Revolution in The Valley
How was the Macintosh made? How did it evolve? What are the stories of the people who created it? Revolution in the Valley is a series of anecdotes compiled by Software Wizard Andy Hertzfeld about the early days of the Macintosh.
Andy first began to tell his tales of the Mac's creation on his website, Folklore.org. Not long after, Tim O'Reilly approached him about the possibility of compiling the stories into a book. Browse Folklore.org and you can still read most of these stories online, but Revolution in the Valley presents them in a more comfortable, enjoyable format.
Every story Andy presents is an entertaining read, but most fascinating are the tales of chance. Luck and the determination of individuals working on scorned projects played a decisive role in the formation of user interface characteristics that we take for granted today.
The Lisa, for example, almost had an interface based on dialog boxes. It was the surreptitious work of Bill Atkinson and Dan Smith that gave us the icon-based Finder we use today. In another story, Andy tells of how the "OK" button was labeled "Do It" - until one user asked why his computer was calling him a "Dolt."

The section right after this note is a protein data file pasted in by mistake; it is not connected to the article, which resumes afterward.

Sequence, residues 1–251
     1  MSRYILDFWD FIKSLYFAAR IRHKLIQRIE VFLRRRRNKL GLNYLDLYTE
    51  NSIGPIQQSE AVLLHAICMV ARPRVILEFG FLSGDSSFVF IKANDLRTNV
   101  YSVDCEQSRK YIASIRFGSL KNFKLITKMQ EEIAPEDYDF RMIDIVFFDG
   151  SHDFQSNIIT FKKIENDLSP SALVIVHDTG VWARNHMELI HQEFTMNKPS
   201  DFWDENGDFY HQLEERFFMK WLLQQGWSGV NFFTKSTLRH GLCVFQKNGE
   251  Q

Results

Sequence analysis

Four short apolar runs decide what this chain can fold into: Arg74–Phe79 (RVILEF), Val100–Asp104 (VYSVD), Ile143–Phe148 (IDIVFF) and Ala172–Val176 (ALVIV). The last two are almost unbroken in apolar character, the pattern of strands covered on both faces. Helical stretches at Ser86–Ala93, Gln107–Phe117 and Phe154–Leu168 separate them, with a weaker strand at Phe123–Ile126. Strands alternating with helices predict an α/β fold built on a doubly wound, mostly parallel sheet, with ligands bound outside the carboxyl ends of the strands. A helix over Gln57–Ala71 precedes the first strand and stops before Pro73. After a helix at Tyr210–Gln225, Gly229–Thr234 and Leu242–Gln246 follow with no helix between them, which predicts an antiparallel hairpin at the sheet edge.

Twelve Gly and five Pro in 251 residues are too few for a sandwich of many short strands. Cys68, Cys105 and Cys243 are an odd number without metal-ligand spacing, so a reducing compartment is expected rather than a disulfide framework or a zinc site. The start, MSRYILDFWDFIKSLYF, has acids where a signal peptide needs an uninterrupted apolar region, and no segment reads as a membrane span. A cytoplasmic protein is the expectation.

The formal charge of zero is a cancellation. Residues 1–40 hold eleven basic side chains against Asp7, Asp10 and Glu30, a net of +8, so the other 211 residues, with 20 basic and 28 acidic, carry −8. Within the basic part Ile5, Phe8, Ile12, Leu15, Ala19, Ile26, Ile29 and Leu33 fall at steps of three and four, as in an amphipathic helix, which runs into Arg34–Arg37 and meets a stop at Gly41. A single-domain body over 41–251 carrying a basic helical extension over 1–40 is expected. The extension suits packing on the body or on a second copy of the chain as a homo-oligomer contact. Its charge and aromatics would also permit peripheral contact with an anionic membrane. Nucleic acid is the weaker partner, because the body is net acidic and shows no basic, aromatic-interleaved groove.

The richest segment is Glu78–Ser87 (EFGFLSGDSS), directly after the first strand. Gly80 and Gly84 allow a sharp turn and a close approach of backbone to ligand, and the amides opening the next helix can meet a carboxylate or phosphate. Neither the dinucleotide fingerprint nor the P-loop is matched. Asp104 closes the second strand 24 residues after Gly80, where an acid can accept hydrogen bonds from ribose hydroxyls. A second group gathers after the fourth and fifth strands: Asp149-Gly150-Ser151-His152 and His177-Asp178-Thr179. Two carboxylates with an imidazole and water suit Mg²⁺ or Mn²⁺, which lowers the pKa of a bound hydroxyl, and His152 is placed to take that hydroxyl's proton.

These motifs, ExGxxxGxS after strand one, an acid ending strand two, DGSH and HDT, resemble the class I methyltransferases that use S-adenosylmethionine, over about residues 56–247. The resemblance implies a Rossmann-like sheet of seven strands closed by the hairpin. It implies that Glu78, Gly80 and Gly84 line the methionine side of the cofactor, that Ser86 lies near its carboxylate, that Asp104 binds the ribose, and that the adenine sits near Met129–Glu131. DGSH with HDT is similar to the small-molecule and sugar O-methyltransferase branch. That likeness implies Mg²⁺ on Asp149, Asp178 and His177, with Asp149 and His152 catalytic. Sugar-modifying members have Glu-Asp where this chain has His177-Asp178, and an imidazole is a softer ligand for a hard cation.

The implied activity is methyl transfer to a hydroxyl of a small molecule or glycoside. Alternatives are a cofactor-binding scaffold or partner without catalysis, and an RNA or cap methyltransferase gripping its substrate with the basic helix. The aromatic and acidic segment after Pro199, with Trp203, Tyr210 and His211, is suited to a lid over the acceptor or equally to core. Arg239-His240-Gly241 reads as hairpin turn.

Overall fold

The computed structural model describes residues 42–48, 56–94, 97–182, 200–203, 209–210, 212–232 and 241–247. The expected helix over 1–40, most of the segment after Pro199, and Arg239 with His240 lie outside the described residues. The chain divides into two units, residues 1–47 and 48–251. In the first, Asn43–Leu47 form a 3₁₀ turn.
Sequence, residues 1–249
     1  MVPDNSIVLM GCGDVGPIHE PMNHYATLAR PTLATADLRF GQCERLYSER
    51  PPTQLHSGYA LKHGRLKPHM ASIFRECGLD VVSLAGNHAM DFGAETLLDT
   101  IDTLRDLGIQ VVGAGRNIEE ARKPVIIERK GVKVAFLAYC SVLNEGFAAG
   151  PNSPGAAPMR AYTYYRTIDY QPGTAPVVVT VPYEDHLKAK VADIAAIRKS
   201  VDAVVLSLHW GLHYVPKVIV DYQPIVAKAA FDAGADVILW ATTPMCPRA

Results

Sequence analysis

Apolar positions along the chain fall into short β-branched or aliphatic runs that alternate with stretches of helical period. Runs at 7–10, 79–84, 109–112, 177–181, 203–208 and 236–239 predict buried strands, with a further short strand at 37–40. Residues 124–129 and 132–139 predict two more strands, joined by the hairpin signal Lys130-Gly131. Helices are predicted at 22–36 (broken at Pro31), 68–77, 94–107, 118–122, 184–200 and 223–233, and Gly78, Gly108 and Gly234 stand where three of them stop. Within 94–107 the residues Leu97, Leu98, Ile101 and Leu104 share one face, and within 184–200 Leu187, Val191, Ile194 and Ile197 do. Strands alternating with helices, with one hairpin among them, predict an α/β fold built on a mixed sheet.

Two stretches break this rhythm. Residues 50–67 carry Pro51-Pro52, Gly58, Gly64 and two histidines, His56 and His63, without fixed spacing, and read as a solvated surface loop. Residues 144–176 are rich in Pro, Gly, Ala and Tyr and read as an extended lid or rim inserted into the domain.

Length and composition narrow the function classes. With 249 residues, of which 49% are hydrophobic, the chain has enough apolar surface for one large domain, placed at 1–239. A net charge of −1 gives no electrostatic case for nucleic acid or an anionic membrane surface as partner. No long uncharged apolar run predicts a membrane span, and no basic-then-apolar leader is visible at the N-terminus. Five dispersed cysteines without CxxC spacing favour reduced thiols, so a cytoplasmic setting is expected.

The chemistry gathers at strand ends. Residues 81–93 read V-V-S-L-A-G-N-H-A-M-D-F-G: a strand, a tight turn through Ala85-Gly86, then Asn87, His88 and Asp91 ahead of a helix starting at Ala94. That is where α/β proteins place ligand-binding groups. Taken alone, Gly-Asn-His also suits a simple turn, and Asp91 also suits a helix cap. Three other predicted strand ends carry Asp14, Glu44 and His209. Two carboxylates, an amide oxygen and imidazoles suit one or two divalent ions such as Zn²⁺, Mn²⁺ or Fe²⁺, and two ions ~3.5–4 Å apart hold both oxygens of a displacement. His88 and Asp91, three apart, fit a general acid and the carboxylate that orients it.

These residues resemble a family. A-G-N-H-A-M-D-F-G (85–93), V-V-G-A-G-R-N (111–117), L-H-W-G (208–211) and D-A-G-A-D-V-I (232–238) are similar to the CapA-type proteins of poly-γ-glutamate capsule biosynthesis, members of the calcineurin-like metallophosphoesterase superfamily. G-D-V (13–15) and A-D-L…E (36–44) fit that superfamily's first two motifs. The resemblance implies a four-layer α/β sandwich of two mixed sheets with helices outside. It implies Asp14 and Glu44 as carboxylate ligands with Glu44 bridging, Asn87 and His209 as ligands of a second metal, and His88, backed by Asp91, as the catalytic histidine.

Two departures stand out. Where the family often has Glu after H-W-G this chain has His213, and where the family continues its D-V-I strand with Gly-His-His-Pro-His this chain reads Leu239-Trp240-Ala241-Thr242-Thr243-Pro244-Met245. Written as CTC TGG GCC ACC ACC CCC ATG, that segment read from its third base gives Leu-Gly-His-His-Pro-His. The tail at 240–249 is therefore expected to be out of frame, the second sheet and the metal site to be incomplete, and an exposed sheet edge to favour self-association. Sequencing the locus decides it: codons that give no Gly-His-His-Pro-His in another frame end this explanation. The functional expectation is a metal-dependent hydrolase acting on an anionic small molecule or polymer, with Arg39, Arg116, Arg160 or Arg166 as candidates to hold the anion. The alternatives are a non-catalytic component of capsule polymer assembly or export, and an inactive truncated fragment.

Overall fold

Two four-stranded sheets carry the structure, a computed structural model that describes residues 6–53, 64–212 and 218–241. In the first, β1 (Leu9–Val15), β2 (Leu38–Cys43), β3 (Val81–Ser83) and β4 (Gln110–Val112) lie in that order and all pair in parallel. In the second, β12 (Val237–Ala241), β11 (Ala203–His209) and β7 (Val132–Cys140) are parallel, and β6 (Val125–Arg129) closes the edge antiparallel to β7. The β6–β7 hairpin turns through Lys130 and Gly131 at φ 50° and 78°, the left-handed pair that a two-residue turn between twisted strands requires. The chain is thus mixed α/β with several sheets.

Equally interesting are the features that didn't make it. The original Macintosh almost had a slot (euphemistically called the "diagnostic port") until management realized what it was really supposed to be. On the more whimsical side, had it not been for limited ROM space, "Mr. Macintosh" would have appeared in a menu waving his hand, once every couple thousand times the user pulled down a menu.
Revolution in the Valley is an fascinating book which anybody reading this site will enjoy immensely. Even if you don't buy a copy, at least head over to Folklore.org, where you can read many of the stories online.